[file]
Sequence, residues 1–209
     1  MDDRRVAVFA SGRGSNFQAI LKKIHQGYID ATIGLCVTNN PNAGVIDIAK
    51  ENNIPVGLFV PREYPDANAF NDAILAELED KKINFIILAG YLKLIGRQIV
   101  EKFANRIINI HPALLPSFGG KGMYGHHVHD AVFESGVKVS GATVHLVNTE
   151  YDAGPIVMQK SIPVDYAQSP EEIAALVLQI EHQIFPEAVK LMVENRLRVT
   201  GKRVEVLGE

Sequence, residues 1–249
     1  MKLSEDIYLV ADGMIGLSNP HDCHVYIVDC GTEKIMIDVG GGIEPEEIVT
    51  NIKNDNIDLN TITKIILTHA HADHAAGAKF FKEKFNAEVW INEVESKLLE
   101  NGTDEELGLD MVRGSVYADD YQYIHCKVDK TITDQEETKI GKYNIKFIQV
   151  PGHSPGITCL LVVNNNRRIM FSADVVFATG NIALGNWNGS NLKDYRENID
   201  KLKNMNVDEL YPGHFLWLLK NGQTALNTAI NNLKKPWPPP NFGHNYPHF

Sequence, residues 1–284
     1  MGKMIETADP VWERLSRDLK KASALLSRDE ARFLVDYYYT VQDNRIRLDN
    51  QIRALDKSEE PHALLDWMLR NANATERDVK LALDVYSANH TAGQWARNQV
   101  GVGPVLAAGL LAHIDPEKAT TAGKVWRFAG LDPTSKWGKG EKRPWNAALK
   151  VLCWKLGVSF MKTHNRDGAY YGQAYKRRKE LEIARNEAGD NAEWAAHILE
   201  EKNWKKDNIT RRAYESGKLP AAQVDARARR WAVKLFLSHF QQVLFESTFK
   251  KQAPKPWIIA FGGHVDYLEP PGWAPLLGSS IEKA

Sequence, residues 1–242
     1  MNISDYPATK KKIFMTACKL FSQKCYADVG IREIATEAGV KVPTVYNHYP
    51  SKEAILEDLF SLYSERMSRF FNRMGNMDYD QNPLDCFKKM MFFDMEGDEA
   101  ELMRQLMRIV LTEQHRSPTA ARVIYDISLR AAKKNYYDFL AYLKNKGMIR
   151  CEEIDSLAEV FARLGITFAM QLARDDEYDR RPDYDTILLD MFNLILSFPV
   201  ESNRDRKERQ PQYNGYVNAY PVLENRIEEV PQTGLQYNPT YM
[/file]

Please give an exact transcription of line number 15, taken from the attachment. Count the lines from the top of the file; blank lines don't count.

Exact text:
    51  QIRALDKSEE PHALLDWMLR NANATERDVK LALDVYSANH TAGQWARNQV